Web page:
Investors may be interested to find out where in the country vendors are most likely to exceed average asking prices for their specific area. Well, now new research has uncovered the best – and worst – places to sell your home based on the sold price to asking price performance.
The best performers
The research has revealed that the northern city of Preston in Lancashire was the best place to have sold a home in the last year. This is because home sellers achieved an average sold price of £214,325, some 121% of the average asking price for the city of £177,177 (table 1).
Kingston Upon Hullin East Yorkshire was home to the second-best city to have sold a home last year with the average sold price commanding 120.9% of the average asking price of £118,857.
The research shows that across the UK in 2019, the average sold price of £339,064 was 96 per cent of the average asking price of £352,552 (table 1).
Other areas seeing the average sold price exceed the average asking price over the past year were Sheffield (120.4%), Southampton (119.3%), Barking and Dagenham (111.3%), Northampton (110.9%), Newham (110%), Sunderland (108.6%) and Wigan (108.3%).
Within the capital, in addition to the top-performing borough of Barking and Newham mentioned above, Haringey (107.2%), Islington 106.6%), Hammersmith and Fulham (106.4%), Tower Hamlets (106.3%), Ealing (105.9%), Hillingdon (105.6%), Brent (104.5%), Bexley (102.1%), Sutton (101.4%), Lewisham (100.6%) and Waltham Forest (100.2%) all saw their average sold prices exceed the average asking price (table 2).
To discover these statistics, GetAgent, the estate agent comparison site, collated data from all of the major property listing portals which were then cross-referenced with the Land Registry using their proprietary algorithms and input from partner agents to see where had enjoyed the best property sale performance, as well as where had endured the worst.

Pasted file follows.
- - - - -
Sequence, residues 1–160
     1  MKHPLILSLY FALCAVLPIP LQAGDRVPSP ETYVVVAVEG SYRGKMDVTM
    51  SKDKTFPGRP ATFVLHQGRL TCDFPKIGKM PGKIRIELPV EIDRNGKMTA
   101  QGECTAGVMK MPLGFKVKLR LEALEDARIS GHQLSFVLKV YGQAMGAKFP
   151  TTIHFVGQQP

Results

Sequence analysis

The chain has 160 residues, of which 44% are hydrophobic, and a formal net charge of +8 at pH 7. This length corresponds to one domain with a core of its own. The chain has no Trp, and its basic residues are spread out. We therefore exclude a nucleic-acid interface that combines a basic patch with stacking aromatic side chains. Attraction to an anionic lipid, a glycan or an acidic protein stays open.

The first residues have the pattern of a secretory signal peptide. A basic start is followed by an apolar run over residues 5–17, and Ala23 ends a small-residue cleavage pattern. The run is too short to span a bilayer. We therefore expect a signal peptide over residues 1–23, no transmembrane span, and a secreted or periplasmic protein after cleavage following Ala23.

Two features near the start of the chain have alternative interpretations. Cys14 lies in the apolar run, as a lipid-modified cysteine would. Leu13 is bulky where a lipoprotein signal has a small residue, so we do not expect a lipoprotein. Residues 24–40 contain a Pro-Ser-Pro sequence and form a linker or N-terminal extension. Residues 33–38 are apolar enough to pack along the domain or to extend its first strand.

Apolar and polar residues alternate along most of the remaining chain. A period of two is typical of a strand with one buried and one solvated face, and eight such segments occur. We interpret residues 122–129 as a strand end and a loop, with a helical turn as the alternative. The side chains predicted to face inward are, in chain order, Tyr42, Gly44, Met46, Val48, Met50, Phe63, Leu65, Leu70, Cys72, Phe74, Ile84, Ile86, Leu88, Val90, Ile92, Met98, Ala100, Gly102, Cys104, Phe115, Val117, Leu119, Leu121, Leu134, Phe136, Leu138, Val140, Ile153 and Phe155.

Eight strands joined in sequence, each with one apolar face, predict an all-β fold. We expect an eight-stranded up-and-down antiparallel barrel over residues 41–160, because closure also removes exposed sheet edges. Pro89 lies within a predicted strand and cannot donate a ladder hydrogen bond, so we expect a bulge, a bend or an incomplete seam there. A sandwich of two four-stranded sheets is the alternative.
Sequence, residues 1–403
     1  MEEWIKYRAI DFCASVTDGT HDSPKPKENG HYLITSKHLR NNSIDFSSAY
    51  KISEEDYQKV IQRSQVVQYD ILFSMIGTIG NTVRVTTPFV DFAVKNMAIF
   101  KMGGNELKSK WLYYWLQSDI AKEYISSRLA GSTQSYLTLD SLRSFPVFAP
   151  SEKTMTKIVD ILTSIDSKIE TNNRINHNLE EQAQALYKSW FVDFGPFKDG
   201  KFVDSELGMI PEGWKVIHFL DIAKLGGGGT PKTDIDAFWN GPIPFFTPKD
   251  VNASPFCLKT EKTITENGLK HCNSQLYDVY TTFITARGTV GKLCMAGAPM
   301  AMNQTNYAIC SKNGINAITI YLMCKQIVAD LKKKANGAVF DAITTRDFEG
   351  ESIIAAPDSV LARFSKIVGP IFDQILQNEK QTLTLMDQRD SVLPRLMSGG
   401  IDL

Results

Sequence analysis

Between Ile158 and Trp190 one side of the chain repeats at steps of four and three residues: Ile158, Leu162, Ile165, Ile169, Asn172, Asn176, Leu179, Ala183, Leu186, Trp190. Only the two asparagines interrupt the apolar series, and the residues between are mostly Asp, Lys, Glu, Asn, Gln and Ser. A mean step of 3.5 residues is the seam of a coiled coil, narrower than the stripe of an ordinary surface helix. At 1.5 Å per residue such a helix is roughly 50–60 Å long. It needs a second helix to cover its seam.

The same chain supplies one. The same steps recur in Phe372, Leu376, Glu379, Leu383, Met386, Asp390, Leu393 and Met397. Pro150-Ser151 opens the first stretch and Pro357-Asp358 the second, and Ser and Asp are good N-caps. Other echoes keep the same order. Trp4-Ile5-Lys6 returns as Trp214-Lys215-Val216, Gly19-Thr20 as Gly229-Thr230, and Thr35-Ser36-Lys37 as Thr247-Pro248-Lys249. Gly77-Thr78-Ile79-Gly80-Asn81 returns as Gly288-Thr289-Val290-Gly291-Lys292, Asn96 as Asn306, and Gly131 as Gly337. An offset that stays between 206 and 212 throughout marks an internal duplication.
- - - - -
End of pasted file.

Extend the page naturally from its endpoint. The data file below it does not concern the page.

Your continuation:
The worst performers
The research ranked Copeland, in the Lake District, as the worst place to have sold a property in the UK with sellers achieving just 72.7 per cent of the local average asking price (table 3). Towns and cities also in negative territory were Pendle, just east of top-performing city Preston (74%), Pembrokeshire, in the southwest of Wales (74.3%) and Burnley in the North (75.1%).
In London, the City of London performed the worst with sellers achieving just 78.9 per cent of the average asking price while Camden (81.9%) and Westminster (84.8%) performed only marginally better (table 2).
Founder and CEO of GetAgent, Colby Short, commented: “A very tough year for the UK property market was always going to bring an underachievement where sold price to asking price performance was concerned and the extent of the damage caused by an uncertain Brexit backdrop is very clear in a large number of areas.
However, what’s perhaps more impressive is the vast number of areas that have defied wider market conditions to see sold prices climb beyond the average asking price.
Not only does this demonstrate the resilience of the market but it shows that in areas where marginal top-line price declines amounted to very little on the average house price, a realistic business as usual attitude from both buyers and sellers kept things moving and in many cases ensured sellers exceeded their asking price expectations.”